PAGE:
Settings migration can be useful for applications too, when wanting to do refactorings in the GSettings schema, for example when renaming a key. Or when renaming the whole application.

The solution in the libdevhelp: have a relocatable schema. At runtime the schema is relocated to the desired path. And I’ve written a small utility, DhDconfMigration, to migrate individual keys when dconf is used as the GSettings backend (and now Flatpak applications are moving away from dconf, but the same principle can be applied to other GSettings backends). DhDconfMigration is currently used by GNOME LaTeX to migrate the settings from LaTeXila (the application has been renamed). But DhDconfMigration (or the same kind of utility for another backend) is not yet useful for the libdevhelp, it was written to ensure that migrating keys is possible if the need arises.

Another thing that I wanted to solve in the libdevhelp with regards to the GSettings handling: make the use of GSettings optional for certain keys, when an application doesn’t want to provide a setting for a certain feature. In that case, it’s the same as using a simple GObject property. So binding the property to the GSettings key is optional.

The result

The above explanation is maybe a little complicated, and you may think that putting GSettings in a library is over-engineered, but using the resulting libdevhelp API is actually very simple, and it simplifies the application(s) implementation, so all is good, right?

For those interested, I’ll let you browse the gschema and the API reference of DhSettingsBuilder and DhSettings. It uses the builder pattern described by Benjamin Otte. Other classes and widgets in the libdevhelp use DhSettings to access the settings. The solution is not perfect, there is room for improvement, but I think it’s a good enough solution. And good enough is.. good enough 🙂 The source code contains more comments and improvement ideas.

Providing GActions in a library

Yes, it’s possible to provide GActions in a library, to have more code re-use across similar applications (a recurrent topic on this blog and the work that I do in GNOME).

Tepl (Text editor product line) provides GActions in its public API. It’s nothing new, it’s been there since several years, but at the time when I added those GActions in Tepl I remember that I was quite excited with the achievement 🙂 Let’s take a quick look.

GActions in a library

GAction represents an action that the user can do in an application, it’s usually present in a menu item or a button. It’s not just a function to launch, it’s a little more involved than that.

Overall, providing GActions in a library can be done quite naturally, once the library provides a framework for the application.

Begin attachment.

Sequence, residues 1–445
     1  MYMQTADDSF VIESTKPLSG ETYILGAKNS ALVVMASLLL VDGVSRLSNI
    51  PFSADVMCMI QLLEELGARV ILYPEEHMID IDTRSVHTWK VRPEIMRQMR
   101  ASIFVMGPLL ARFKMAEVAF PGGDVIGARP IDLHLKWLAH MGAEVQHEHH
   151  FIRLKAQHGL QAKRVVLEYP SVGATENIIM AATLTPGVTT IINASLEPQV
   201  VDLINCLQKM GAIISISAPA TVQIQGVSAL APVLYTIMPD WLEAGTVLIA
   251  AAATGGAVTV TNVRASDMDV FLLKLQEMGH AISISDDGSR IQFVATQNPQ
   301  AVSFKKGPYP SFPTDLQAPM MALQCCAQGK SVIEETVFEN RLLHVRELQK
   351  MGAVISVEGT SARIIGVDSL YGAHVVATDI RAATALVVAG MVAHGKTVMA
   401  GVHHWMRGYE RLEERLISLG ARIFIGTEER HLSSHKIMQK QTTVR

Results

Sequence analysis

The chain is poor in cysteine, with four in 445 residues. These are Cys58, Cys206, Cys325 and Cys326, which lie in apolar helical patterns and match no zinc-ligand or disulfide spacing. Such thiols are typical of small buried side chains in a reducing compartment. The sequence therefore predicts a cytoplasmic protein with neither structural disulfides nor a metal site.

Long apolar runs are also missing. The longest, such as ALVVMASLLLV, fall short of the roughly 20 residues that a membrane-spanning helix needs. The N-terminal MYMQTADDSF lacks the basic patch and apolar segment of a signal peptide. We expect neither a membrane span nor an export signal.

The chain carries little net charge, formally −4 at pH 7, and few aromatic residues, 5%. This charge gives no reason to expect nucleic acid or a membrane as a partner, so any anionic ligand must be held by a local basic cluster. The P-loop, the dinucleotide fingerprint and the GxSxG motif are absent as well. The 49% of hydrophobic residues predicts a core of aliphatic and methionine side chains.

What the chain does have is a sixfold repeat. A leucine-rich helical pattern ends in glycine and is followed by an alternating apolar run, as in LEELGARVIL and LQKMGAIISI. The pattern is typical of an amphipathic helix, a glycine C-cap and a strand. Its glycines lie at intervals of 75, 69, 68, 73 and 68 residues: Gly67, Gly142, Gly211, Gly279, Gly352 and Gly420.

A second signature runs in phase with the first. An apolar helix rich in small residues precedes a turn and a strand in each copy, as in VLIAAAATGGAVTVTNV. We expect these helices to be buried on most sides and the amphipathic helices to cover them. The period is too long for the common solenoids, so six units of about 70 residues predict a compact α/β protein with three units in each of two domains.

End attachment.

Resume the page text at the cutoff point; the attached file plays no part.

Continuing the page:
TeplApplication and TeplApplicationWindow both provide GActions in their public API. They are namespaced with the "tepl-" prefix, to avoid conflicts with other libraries or the application; so the full name of the GActions are "app.tepl-something" or "win.tepl-something". And all the GActions are documented in the class description.

Note that TeplApplication and TeplApplicationWindow are not subclasses of GtkApplication and GtkApplicationWindow, because several libraries might want to extend those GTK classes and an application needs to be able to use all those extensions at the same time. A nice solution that doesn’t require to hold a new object in the application: use this design pattern that I’ve already described on my blog.

Sharing best-practices

If you know or if you’ve implemented kinda the same in another library, I’m interested to hear about it. To see how it’s handled elsewhere, to have more code examples to be inspired by.

Next topic

Providing GSettings in a library. Done in another project. Topic for a next blog post 😉

LaTeX or ConTeXt for writing documents

I’ve started to learn a little ConTeXt, a language for writing documents. It is similar to LaTeX, but is easier to manage.

To quote a former user of GNOME LaTeX who has filed a feature request to add ConTeXt support:

“It includes about all packages you probably need, so in most cases, you won’t need additional ones – and thus don’t have package rivalries at all! Furthermore it’s much more consistent, way more convenient and also more powerful.

I did my bachelor’s thesis with LaTeX and my master’s thesis with ConTeXt – which was SO MUCH more comfortable than LaTeX, that I won’t use LaTeX anymore at all.”

If I wanted to re-implement GNOME LaTeX, it would target the ConTeXt language instead. If there are any ConTeXt user reading this, I would be interested to know what application you use for writing ConTeXt documents, and what features are important to you. If I have the time and funding, I’m interested to implement such a “ConTeXtedit” app that Just Works, out-of-the-box.